Tag Archives: buildings

Backwards across Wiltshire


Yesterday began with being towed backwards across Wiltshire.  Then some intensive looking.

Best seen across a vacant lot:

The fullness required many hours, which we were unable to give.

There was something appropriate about the power socket handy for St. Barbara.  In case her father needed it?

Finding Dewi Sant was like meeting an old friend…

It was a mistake to take an audio book.  The tunnels must be the noisiest on the network:  growl, roar, whistle and rattle in one excruciating go.

And there we were again: being towed backwards across Wiltshire.




It isn’t a word really.  But a scrubulous weekend is what I had.

I returned to muggy days and sea mists

and scrubbed ten windows, three double sets of glass doors, and a conservatory.  Both sides.

The seagulls were eyeing up the gleaming panes, sniggering to themselves.  So it seemed a good idea to get in first.

I was a bit surprised by these lacy ones.

Now I am back in the attic nest with a lot of books about icons.




It seems unnatural:  sunshine on a bank holiday weekend.

Ne’er cast a clout …


… till May be out.  So I took my jacket and woolly hat …   (Click a thumbnail for gallery)

Locked up


The rivers are well up with the continuing rainy weather, and my attention paused as I crossed this rushing water.  It’s the first time I’ve seen one of these bridges with declarations by padlock all over them.  As a symbol of personal love, I could only find it depressing, and it didn’t do anything for the line of the footbridge either.

Elsewhere, I watched a fairly senior cleric hit a two feet tall chocolate egg with a claw hammer.  Hmm.

In pursuit


I am gradually becoming acquainted with Salisbury walls.  Here is one whose ugly rendering rests upon a base of properly-old bricks:

and another which includes properly-old bricks, and an unusual tiled apex.  Note to self: don’t walk under this one, especially in bad weather.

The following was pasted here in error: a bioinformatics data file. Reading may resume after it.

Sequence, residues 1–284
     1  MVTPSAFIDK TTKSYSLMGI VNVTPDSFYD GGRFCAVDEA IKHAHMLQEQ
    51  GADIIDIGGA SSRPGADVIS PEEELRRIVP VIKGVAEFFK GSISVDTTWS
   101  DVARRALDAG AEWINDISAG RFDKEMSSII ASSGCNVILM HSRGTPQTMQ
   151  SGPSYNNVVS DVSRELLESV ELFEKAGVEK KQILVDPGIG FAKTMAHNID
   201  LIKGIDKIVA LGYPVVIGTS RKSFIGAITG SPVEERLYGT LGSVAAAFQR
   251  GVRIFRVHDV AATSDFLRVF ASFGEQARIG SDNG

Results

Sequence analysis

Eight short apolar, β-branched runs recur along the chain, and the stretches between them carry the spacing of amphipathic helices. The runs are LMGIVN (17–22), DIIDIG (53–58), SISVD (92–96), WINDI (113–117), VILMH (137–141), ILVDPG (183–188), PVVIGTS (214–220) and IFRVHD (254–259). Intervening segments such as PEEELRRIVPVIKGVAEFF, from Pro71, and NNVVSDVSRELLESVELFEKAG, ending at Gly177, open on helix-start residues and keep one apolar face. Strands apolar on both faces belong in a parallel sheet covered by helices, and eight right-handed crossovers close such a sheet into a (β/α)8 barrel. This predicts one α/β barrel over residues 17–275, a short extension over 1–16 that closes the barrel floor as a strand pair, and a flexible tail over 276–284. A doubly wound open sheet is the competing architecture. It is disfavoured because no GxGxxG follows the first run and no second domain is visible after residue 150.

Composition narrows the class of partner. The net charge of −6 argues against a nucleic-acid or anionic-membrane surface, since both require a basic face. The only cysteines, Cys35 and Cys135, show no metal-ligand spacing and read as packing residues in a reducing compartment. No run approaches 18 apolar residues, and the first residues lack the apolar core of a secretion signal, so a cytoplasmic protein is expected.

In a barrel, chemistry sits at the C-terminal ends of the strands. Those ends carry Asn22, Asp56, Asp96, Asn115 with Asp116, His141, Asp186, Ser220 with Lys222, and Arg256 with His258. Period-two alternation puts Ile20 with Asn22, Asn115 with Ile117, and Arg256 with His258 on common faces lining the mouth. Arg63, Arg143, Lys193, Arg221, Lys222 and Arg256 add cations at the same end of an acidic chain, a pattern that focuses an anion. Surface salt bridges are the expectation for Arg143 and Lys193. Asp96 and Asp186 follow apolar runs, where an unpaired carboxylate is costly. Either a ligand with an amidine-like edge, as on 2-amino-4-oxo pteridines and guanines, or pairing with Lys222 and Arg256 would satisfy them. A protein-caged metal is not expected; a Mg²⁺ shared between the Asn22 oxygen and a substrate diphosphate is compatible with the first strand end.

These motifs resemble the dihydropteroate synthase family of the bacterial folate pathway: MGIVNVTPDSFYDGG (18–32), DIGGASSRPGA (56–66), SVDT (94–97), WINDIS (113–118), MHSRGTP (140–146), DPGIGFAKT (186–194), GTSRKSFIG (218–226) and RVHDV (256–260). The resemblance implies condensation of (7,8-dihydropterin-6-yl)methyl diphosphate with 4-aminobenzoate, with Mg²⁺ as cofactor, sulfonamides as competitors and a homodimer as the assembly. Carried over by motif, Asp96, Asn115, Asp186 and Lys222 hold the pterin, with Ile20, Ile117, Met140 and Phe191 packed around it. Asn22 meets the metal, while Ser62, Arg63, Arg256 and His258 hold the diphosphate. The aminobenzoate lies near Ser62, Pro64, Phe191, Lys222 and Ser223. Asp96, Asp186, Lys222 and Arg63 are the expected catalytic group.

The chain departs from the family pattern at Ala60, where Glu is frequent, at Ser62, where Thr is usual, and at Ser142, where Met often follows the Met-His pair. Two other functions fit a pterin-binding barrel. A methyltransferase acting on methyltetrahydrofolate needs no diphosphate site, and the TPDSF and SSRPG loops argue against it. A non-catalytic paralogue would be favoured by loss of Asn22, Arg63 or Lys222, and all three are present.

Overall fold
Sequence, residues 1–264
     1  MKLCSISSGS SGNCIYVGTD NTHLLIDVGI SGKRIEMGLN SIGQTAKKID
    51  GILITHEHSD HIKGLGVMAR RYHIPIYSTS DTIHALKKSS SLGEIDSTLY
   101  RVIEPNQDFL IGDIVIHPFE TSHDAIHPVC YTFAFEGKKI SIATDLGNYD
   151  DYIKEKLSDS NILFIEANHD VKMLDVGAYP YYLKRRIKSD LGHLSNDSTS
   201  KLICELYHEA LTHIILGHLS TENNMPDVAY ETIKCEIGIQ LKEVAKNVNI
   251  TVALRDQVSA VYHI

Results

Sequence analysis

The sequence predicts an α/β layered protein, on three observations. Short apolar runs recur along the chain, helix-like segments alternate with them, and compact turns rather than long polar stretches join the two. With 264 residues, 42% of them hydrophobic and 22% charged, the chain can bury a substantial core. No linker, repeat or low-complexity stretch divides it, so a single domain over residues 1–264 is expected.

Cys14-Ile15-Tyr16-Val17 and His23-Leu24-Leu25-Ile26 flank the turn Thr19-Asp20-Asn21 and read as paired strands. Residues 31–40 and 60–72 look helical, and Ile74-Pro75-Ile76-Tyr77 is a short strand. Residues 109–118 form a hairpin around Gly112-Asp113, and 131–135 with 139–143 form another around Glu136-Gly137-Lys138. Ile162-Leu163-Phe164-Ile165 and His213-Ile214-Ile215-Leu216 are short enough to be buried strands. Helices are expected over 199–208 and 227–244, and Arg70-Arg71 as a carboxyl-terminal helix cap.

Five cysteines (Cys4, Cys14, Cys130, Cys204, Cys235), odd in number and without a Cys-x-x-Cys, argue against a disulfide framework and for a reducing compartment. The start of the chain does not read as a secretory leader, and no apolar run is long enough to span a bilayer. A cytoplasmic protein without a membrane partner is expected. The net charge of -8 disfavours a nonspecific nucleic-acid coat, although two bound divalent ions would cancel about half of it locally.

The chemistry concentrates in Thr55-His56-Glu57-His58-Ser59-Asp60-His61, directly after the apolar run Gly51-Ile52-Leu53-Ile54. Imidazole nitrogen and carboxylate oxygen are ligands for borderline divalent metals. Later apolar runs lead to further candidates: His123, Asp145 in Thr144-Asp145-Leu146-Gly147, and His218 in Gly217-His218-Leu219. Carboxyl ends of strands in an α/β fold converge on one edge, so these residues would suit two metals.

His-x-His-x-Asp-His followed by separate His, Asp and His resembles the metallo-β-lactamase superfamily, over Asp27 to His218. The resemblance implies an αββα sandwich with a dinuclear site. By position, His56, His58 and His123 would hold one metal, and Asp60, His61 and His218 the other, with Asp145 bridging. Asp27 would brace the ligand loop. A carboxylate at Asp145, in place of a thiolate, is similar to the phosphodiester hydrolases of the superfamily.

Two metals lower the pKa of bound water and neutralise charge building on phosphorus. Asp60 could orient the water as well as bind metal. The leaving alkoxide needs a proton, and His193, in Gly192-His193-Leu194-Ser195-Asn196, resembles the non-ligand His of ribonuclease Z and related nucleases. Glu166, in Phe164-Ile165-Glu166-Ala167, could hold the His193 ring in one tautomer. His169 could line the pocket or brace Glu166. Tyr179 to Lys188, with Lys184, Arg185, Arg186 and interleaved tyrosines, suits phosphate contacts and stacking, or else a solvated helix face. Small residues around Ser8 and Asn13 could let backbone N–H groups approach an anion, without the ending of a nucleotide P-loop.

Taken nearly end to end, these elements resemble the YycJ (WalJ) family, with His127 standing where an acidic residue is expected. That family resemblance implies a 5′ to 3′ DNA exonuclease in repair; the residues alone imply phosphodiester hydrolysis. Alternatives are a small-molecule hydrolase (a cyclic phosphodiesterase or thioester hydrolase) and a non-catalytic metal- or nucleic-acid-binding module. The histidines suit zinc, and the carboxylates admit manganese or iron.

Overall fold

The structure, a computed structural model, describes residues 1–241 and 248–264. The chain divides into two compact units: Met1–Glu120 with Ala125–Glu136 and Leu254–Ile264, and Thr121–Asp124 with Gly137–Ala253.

Time to retire to a quiet bay in pursuit of all the Judiths:

The pleasure of the day was some generous typography:



I’ve been walking past this one at intervals for twenty years, and never registered it before.  Perhaps because this time the gate was open, I suddenly noticed that it was indeed an old posting house, with the high entrance to accommodate the horses and vehicles, the cobbled stable yard still visible behind, and iron s-plates still holding it all together. The windows look enormously tall compared with the standard sized door below.  

One could scarcely call it preservation of a traditional building, more a case of survival through neglect.  Well, we can’t all live in cherished cathedral cities, I suppose.

The image


This was a curious thing to find in the sitting room:

Our unfortunate local spy did not visit this location (so far as anyone knows) and the cordon stops short at the front door.  I was thus able to proceed librarily towards the station.

Salisbury Museum is small but dense; I find something new on every visit.  This is the head of a 9th century aestel (reading pointer), and it shines.

The cathedral has glassed in and glassed out various small and large cavities in its structure.  One of them is big enough for the refectory; this morsel of space is by the loos.

It is about life size.  I failed to find a label, and my iconography is not good enough to pick up the hints.  Chalices and books, anyone?  Glass and anonymity isolated the figure like an anchorite walled up alive.